United States Government Accountability Office: Hybrid Warfare, Washington, DC, USA, September 10,

2010.

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49

The main difference in these terms is the occasion they were brought into discussion: com-

pound warfare was the first out in the middle of 1990‟s, then full spectrum operations was in-

troduced in 2001 by U.S. Army‟s then new version of FM 3-0, Operations, and around the

same time hybrid warfare was introduced in the military discussion. Thus in my opinion, full

spectrum operations is the most inclusive of the terms discussed earlier in this thesis, and it

contains the two terms discussed here.

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6 CONCLUSIONS

The purpose of this thesis was to answer the questions: what was the thinking behind hybrid

warfare, what is it, and how does it differ from compound warfare or full spectrum opera-

tions? In my opinion, the term Hybrid warfare appeared in the discussion of warfare in the

beginning of the 21st century, when the Western militaries became involved in complex and

challenging operational environments in Afghanistan and Iraq, and military theorists and doc-

trine writers tried to better understand the development, including the nature of the conduct of

warfare in these two wars. The adversaries and enemies were flexible, adaptable and rogue,

and they used advanced weapons and employed irregular forms of warfare. The U.S. Army

was around year 2000 still using doctrinal terms such as “low-intensity conflict” and “military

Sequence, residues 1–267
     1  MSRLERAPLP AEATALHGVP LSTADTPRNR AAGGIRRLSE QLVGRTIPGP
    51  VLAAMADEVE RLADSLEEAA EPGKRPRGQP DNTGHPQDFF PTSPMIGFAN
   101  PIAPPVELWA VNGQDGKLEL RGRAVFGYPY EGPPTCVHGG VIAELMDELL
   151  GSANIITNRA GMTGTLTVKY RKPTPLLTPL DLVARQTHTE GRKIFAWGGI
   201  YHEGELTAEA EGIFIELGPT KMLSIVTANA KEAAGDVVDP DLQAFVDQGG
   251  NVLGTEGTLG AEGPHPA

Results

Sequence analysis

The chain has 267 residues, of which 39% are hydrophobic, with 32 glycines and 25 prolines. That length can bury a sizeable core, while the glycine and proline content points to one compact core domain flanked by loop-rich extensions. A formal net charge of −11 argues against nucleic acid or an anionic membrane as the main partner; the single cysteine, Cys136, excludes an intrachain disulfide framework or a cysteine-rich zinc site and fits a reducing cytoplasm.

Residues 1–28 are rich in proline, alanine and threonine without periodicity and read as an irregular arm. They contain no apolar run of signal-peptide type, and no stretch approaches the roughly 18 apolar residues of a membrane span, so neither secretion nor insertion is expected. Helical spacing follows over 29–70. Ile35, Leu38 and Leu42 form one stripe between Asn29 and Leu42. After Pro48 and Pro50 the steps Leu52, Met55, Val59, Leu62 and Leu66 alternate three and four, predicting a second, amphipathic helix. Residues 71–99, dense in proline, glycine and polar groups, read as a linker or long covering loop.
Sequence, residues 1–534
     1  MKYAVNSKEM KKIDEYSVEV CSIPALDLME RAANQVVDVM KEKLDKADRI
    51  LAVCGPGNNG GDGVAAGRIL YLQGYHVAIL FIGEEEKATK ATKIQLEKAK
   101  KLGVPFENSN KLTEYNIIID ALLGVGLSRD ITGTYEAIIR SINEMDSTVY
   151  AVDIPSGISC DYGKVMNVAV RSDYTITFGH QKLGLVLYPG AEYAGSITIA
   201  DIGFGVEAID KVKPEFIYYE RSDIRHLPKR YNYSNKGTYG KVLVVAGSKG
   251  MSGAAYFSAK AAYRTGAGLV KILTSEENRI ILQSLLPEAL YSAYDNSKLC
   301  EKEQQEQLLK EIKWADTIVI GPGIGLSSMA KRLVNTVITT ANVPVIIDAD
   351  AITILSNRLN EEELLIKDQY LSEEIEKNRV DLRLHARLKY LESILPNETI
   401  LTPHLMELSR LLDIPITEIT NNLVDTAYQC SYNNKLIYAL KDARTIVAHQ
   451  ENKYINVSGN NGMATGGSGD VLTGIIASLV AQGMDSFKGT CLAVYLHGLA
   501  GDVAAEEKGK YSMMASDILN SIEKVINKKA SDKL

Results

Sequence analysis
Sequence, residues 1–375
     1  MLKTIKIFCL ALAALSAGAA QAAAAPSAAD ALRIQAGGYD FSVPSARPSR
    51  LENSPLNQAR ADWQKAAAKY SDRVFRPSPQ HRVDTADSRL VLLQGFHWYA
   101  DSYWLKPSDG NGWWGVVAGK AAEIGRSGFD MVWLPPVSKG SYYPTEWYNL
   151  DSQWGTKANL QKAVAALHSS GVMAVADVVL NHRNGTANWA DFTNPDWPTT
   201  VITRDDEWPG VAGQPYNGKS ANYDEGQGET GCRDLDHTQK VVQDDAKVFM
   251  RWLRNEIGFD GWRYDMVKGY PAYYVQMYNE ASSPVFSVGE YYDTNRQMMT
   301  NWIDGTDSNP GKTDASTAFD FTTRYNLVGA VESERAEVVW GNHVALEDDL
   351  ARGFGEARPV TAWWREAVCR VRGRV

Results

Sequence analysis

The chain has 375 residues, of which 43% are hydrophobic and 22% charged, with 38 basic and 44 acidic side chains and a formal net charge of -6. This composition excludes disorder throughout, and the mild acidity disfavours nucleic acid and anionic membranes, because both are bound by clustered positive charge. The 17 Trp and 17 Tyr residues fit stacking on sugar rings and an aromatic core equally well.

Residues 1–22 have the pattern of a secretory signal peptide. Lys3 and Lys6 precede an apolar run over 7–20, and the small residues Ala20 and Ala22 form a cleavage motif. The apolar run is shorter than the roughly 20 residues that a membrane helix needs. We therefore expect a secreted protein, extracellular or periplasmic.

operations other than war”147

, terms which were not very descriptive and unsuitable to meet

the new types of conflicts. The in 2001 FM 3-0 Operations introduced full spectrum opera-

tions, but at that time the new, unfamiliar term and concept was difficult to adapt to use im-

mediately. On the other hand, the word “hybrid” is descriptive, and it is well suited for de-

scribing the nature of modern day warfare. From linguistic perspective, the expression “hy-

brid warfare” probably gives a better understanding of the complexities and multi-modality of

modern day warfare than the terms “compound warfare” or “full spectrum operations”. Just

as the United States GAO stated that the threats and wars may well be of “hybrid” kind, due to

the descriptive quality of the word “hybrid”.

The U.S. Army Training and Doctrine Command (TRADOC) do not use the word “hybrid”

today. As descriptive as the word “hybrid” may be, it is still not used in the United States

Army doctrines. The United States GAO report of September 2010 on hybrid warfare tried to

put an end to the discussion of hybrid warfare by declaring that this was not a new form of

warfare.

The other term discussed in this thesis, compound warfare has “disappeared” from the debate,

and it is not used in any doctrine document. Hybrid warfare seems to be facing a similar fate,

or will it? Will also the term hybrid warfare disappear from the discussion among American

or Western military thinkers? If we look at the most recent conflicts, the Western world has

got involved in, the rebellion against the Gaddafi regime in Libya, it is possible to see the po-